Greatest songs of the 1980s

Over 44 years ago, the 1980s ushered in a new era of music with genres such as hip-hop, new wave, synth-pop and the popularization of metal. This era played a huge role in what music is today.

The introduction of Music Television, MTV, on Aug. 1, 1981 changed how the world listened to music. The idea of music videos was not widely known until it aired on American cable television.

The ’80s also introduced the term known as a “one-hit wonder.” Songs from the ’80s such as “Take On Me” by a-ha, “I Melt With You” by Modern English and “Tainted Love” by Soft Cell are all regarded as some of the greatest one-hit wonders of all time.

Besides these one-hit wonders, what are the greatest songs to come out of the decade? The Jambar has listened to numerous tracks and put together a top-five list of the greatest songs from the ’80s.

At No. 5 on the list is singer-songwriter Cyndi Lauper’s first major single, “Girls Just Want To Have Fun.” The hit was released on Lauper’s debut 1983 album “She’s So Unusual,” with Portrait Records. The album also featured hits such as “Time After Time.”

“Girls Just Want To Have Fun” reached No. 2 on the United States Billboard Hot 100 chart and has been covered by over 30 prominent artists as a studio recording or live performance. The synthesizer-backed track implemented a fun and playful attitude that became an anthem for girls growing up in the ’80s.

The music video to “Girls Just Want To Have Fun,” won Best Female Performance at the American Video Awards in 1983 and Best Female Video at the MTV Video Music Awards in 1984.

Tensions between the U.S. and Soviet Union gave inspiration to “Everybody Wants to Rule the World” by English pop-rock band Tears For Fears. This song, released March 22, 1985, crashes its way to No. 4 on the list.

“Everybody Wants to Rule the World” is the third track on Tears For Fears’s second studio album “Songs from the Big Chair.” The song peaked at No. 2 in Ireland, Australia and the U.K. while it reached No. 1 in Canada, New Zealand and the U.S.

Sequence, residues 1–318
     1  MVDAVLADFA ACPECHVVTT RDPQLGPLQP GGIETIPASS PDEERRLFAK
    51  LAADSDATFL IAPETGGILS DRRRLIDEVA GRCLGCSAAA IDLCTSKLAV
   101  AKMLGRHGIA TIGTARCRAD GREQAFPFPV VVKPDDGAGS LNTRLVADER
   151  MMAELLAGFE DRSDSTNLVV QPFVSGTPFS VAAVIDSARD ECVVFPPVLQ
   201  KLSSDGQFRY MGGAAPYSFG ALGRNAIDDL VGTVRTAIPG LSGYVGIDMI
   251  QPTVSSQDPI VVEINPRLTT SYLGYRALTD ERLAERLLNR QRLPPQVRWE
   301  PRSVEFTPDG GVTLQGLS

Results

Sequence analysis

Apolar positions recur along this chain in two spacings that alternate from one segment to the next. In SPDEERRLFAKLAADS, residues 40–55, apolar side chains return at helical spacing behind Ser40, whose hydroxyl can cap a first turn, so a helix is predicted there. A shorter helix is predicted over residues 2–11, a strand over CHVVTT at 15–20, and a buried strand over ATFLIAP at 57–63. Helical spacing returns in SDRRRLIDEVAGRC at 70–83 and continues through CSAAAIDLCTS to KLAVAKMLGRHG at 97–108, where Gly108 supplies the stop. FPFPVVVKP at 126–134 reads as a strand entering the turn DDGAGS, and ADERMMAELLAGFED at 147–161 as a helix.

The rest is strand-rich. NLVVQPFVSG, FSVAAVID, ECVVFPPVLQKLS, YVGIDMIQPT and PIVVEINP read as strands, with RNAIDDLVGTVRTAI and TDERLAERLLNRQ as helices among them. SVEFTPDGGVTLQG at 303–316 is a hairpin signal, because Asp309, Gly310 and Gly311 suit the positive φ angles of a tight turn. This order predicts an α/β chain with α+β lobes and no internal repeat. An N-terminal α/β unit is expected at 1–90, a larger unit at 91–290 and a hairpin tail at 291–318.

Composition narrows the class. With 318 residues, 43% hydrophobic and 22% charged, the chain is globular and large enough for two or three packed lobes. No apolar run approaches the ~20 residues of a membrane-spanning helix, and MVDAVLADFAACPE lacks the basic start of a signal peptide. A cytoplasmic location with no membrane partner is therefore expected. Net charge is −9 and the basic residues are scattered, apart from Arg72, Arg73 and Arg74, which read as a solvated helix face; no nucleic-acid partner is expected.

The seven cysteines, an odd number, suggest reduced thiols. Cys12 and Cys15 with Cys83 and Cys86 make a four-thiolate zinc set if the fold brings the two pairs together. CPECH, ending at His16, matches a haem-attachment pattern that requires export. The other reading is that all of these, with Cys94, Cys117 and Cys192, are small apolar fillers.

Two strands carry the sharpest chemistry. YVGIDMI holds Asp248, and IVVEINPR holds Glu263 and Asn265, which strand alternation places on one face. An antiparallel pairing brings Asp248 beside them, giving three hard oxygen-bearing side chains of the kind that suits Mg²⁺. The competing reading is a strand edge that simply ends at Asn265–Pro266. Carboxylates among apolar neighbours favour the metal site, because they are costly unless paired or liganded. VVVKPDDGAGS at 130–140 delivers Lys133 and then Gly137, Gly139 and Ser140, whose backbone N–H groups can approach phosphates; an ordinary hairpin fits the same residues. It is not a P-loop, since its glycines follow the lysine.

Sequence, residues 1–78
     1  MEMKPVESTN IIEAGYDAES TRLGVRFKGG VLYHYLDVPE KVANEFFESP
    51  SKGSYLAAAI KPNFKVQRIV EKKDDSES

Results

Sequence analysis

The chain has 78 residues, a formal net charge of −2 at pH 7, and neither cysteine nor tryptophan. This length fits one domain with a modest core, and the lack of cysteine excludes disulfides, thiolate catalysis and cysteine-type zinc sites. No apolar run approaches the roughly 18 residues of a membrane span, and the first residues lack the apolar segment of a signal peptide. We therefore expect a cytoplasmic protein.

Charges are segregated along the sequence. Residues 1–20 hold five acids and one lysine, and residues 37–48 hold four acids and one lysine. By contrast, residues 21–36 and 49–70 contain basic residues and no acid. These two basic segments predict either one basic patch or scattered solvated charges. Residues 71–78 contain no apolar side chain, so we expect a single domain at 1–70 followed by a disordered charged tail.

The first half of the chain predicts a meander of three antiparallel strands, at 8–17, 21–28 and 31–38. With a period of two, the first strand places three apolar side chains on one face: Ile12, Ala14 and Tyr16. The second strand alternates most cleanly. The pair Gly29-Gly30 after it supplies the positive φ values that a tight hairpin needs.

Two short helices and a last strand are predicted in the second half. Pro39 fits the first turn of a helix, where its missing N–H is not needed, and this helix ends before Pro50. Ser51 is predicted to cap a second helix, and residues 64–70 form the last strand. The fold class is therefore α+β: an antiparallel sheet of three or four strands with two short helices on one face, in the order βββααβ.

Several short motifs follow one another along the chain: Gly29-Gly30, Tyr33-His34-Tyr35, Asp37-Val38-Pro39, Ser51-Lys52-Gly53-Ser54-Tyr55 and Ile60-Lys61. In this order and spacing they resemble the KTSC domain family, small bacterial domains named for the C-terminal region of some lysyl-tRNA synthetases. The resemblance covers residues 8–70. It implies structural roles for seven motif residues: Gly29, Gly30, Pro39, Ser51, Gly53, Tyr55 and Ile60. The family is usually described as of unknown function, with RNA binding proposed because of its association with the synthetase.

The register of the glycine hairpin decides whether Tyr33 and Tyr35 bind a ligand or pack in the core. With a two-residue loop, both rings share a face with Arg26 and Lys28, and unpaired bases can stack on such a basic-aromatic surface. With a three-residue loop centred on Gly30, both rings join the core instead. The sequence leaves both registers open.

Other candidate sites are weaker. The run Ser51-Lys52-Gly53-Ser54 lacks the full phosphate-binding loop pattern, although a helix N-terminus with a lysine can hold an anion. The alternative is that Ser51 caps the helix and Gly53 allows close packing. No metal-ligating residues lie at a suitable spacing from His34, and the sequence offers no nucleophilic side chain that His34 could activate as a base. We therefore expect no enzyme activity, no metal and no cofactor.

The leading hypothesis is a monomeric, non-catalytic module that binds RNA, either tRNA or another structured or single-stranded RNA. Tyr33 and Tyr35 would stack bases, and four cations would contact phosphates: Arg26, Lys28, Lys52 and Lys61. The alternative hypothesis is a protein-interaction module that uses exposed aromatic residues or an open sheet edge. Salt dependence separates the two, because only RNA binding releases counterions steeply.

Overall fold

This song is highly regarded as the “decade’s best” by several critics and is certified gold by Music Canada and the British Phonographic Industry.

Phil Collins’s 1981 track, “In the Air Tonight” lands at No. 3 on The Jambar’s list. The song’s drum fill is regarded by Ozzy Osbourne as “the best ever.”

“In the Air Tonight” appeared on Collins’s debut solo album, “Face Value,” which reached No. 2 on the U.K. Singles Chart and No. 1 in Austria, Germany, Switzerland and Sweden. In 2021, Rolling Stones Magazine ranked it No. 291 in the publication’s “500 Greatest Songs of All Time.”

Moonwalking its way to No. 2 is “Billie Jean” by Michael Jackson. Released in 1982, Jackson’s sixth studio album “Thriller” had other hits such as “Beat It,” but “Billie Jean” stands out from the rest of the tracks.

The album sold over 70 million copies worldwide, and with the help of producer Quincy Jones, it blended several different genres together. “Billie Jean” features a mix of R&B, funk and disco with a groovy, melodic bassline.

The track spent three weeks at No. 1 on the Billboard Hot 100 and quickly became one of the best-selling singles of 1983.

Rounding out the list at No. 1 is “Careless Whisper” by George Michael. Originally released as a single from Wham!’s sophomore album “Make It Big” in 1984, the song was written and sung by Michael.

During the song’s recording process, Michael auditioned 11 saxophonists before reaching the ionic sound on the track. “Careless Whisper” went on to reach commercial success and topped the record charts in ten countries with six million copies sold world wide.

Although the ’80s are gone, the musical influence is still around and can be heard almost everyday in modern pop-culture.